For the first time hay fever sufferers in Kimberley will be able to access up-to-date pollen counts for the region.
HAY FEVER sufferers in Kimberley will for the first time be able to access up-to-date pollen counts for the region thanks to funding which has allowed the UCT Lung Institute to set up the city’s first pollen spore sampler.
Professor Jonny Peter, head of the UCT Lung Institute’s Allergy Unit, said yesterday that while there are numerous websites and apps that supposedly forecast pollen and fungal spores for the country, these counts are inaccurate and are often extrapolated from overseas data that has no bearing on SA.
While it’s been the responsibility of the UCT Lung Institute to monitor pollen in SA, funding has been a challenge.
“Certain provinces have been monitored sporadically in the past, but it came to a halt in the ‘90s. This year though, the record high pollen counts recorded in Europe and the US have fuelled a renewed interest in monitoring airborne allergens as they can pose a significant risk to human health,” Peter said.
He pointed out that climate change was having a dramatic impact on pollen production and the severity of seasons. “Factors such as rising temperatures and CO2 levels are driving up pollen levels globally, causing misery for millions of hay fever sufferers.
“As seasons worsen, it has become crucial for local scientists to keep a closer eye on pollen and other allergens in the air. Experts predict that pollen counts will quadruple in the next 20 to 30 years, making life unbearable for those with pollen sensitivities, and people who don’t normally suffer from hay fever may likely start to. Asthma attacks may also increase,” he stated.
Thus far pollen counts have been low in Kimberley, compared to other parts of the country, but with the threat of other allergic plants, such as ragweed (typically found in Europe) migrating southward, a significant increase in pollen levels could be seen in the future.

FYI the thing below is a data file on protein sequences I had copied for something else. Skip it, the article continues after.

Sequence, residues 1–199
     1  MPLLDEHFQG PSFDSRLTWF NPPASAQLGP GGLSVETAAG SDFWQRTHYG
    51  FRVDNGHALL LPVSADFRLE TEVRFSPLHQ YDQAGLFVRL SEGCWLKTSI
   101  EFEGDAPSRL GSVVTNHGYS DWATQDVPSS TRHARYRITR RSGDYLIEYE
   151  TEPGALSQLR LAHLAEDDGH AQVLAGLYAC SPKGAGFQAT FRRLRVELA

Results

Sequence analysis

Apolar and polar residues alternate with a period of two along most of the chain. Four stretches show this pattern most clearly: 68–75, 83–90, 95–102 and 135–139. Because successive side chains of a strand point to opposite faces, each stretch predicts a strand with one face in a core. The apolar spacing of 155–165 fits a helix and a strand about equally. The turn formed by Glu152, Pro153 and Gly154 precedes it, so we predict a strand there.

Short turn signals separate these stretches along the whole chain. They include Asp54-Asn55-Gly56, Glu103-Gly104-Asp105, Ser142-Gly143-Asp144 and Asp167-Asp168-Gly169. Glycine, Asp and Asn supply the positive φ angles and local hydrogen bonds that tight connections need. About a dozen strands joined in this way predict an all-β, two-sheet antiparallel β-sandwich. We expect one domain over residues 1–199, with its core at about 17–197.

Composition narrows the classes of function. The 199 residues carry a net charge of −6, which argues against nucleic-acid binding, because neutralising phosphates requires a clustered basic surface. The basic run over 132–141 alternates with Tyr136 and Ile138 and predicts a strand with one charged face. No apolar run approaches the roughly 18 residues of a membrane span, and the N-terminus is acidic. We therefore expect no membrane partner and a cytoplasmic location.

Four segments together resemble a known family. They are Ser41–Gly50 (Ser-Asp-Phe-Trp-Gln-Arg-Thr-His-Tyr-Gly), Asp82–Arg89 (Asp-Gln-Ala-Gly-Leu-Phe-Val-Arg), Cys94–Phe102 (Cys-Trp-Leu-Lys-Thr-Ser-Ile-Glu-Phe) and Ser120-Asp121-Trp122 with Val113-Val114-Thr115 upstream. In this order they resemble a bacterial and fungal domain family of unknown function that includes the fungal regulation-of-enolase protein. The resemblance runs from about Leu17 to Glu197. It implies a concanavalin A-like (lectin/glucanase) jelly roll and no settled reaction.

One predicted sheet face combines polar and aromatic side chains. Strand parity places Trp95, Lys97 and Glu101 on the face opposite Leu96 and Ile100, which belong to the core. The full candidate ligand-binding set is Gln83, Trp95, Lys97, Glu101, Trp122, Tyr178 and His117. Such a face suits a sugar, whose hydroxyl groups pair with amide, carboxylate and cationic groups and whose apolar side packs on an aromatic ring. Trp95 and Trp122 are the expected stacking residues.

The financial backing provided by Clicks, Twinsaver, Thermo Fischer and A.Vogel Echinaforce has allowed the UCT Lung Institute to put up pollen spore samplers in seven of SA’s 10 biomes this year – a first for SA.
However, the funding comes to an end in 10 months and the institute is now calling on the public to donate towards its pollen monitoring efforts by way of a crowdfunding campaign that will help to make the programme more sustainable.
“Monitoring pollen on a more regular basis will help scientists to better understand the impact of global warming on pollen seasons in SA and how pollen is evolving in order to develop more effective treatments for local conditions,” he said.
To donate towards pollen monitoring, visit www.pollencount.co.za.
According to the latest pollen report on Kimberley, it is stated that tree and weed pollen levels were low but pine, willow, white stinkwood and mulberry pollen was detected. Low levels of chenopod or goosefoot, ferns and English plantain weed pollen was present. Grass pollen increased slightly and although the average count remained low, grass levels were moderate on some days. Mould levels were consistently low.